Mind's job is to be right, and it can justify itself faster than the speed of light. Stop the portion of your thinking that is the source of your fear, anger, sadness, or resentment by transferring it to paper. Once the mind is stopped on paper, it's much easier to investigate. Eventually The Work begins to undo you automatically without writing.
Yes. Do The Work on any subject that is stressful. As you become familiar with the four questions and turnarounds, you may choose objects such as the body, disease, career, or even God. Then simply use the term “my thinking” in place of the object when you do the turnarounds.
Example: “My body should be strong, healthy, and flexible" becomes "My thinking should be strong, healthy, and flexible.”
Isn't that what you really want? A balanced, healthy mind? Has a sick body ever been a problem, or is it your thinking about the body that causes the problem? Investigate. Let your doctor take care of your body as you take care of your thinking. I have a friend who can't move his body, and he is loving life. Freedom does not require a healthy body. Free your mind.
Quite the opposite. I notice that if I believe it shouldn't exist when it does exist, I suffer. Can I just end the war in me? Can I stop raping myself and others with my abusive thoughts? Otherwise I'm continuing through me the very thing I want to end in the world. I start with ending my own suffering, my own war. This is a life's work.
The Work doesn't say what anyone should or shouldn't do. We simply ask: What is the effect of arguing with reality? How does it feel? This Work explores the cause and effect of attaching to painful thoughts, and in that investigation we find our freedom. To simply say that we shouldn't argue with reality is just to add another story, another spiritual concept. It hasn't ever worked.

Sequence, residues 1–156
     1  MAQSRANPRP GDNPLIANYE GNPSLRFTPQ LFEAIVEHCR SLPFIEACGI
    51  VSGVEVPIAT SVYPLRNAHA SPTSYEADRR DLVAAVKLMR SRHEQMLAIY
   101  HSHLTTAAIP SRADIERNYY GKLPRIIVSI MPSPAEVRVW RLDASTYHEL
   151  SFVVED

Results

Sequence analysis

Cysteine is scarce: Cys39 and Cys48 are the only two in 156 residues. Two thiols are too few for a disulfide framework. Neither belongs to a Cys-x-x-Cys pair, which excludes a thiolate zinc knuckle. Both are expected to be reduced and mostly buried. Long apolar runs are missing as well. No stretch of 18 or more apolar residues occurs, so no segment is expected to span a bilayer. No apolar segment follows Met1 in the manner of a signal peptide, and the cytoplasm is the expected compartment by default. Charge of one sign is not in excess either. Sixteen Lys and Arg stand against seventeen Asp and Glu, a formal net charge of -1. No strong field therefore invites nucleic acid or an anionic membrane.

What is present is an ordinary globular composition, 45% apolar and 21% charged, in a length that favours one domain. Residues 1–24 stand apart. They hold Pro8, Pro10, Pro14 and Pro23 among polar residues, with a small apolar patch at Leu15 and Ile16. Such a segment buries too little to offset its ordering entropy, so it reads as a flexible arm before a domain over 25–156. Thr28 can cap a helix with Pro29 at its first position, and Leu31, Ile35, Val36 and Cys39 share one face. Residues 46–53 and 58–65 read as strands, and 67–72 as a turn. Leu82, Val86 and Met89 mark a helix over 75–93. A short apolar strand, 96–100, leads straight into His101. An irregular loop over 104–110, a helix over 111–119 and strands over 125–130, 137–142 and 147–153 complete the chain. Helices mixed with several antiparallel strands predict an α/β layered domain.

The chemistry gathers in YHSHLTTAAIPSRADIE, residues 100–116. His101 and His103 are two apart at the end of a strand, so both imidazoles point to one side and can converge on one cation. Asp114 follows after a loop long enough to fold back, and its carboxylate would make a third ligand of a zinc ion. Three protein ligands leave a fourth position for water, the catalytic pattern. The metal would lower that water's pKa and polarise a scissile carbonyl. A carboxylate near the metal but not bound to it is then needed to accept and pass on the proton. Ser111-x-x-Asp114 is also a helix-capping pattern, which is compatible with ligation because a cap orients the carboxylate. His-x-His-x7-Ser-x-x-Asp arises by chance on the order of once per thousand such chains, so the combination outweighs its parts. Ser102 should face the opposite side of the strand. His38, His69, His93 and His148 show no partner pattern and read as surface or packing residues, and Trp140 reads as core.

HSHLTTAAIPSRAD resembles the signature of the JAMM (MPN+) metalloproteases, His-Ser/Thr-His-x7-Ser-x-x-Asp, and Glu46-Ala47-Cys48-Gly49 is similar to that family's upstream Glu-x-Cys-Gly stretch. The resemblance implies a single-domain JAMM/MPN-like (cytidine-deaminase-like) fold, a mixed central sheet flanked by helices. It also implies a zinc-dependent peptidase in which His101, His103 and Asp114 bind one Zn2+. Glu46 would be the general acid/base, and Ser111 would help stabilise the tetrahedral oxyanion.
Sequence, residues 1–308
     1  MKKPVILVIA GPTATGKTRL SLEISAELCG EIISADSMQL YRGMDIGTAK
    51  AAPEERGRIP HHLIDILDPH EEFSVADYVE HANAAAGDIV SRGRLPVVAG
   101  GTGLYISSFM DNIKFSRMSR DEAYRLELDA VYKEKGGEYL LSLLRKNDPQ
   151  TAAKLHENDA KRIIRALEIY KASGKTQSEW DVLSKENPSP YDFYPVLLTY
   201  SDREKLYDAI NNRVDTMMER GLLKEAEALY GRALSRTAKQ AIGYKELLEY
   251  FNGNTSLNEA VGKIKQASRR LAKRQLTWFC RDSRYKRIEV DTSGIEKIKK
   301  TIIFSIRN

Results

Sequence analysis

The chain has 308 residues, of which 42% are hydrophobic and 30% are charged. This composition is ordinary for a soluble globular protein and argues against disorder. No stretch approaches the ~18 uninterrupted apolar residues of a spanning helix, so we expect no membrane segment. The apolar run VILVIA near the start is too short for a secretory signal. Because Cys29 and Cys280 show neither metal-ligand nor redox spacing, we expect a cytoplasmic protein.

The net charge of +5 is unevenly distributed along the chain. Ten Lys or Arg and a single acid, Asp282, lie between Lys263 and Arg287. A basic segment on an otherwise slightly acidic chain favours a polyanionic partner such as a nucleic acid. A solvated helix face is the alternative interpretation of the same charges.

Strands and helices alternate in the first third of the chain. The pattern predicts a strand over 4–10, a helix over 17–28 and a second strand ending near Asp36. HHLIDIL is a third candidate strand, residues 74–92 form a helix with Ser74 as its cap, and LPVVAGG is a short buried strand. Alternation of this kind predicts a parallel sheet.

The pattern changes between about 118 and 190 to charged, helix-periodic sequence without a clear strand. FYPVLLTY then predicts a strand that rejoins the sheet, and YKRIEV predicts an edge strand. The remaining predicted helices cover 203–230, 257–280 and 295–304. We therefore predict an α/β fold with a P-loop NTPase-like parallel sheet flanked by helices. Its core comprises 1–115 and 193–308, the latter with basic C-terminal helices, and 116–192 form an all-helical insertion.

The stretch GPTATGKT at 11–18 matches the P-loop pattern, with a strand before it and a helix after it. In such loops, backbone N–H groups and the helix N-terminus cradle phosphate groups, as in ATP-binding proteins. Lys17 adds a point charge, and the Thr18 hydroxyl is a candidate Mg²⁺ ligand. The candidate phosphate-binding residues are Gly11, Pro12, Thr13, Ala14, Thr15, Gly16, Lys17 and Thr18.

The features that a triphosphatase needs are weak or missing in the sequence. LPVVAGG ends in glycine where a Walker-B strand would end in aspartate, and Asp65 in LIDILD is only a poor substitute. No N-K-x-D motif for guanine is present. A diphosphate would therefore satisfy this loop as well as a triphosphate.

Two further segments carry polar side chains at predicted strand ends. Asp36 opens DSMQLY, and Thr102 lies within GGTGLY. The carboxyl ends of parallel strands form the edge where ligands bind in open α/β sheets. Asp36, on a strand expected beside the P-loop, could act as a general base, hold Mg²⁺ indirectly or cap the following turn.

Yes. Atheist, agnostic, Christian, Jew, Muslim, Buddhist, Hindu, pagan—we all have one thing in common: We want happiness and peace. If you are tired of suffering, I invite you to The Work.
I often say, if you really want to be free, have The Work for breakfast. Have it for lunch. Have it for dinner. The more you do inquiry, the more it undoes you. Some people prefer to do The Work as part of an organized program, so I offer the School for The Work, an intense and life-changing journey through your own mind, with aftercare and an extraordinary support system.
If you answer the questions superficially with the thinking mind, the process will leave you feeling disconnected. Try asking the question and going deeper. You may have to ask the question a few times to stay focused, but as you practice this, an answer will slowly rise. When the answer comes from inside you, the realizations (and shifts) follow naturally.
To simply turn thoughts around keeps the process intellectual and is of little value. The invitation is to go beyond the intellect. The questions are like probes that dive into the mind, bringing deeper knowledge to the surface. Ask the questions first, and then wait. Once the answers have arisen, then do the turnarounds. The surface mind and the deeper mind (I call it the heart) meet, and the turnarounds feel like true discoveries.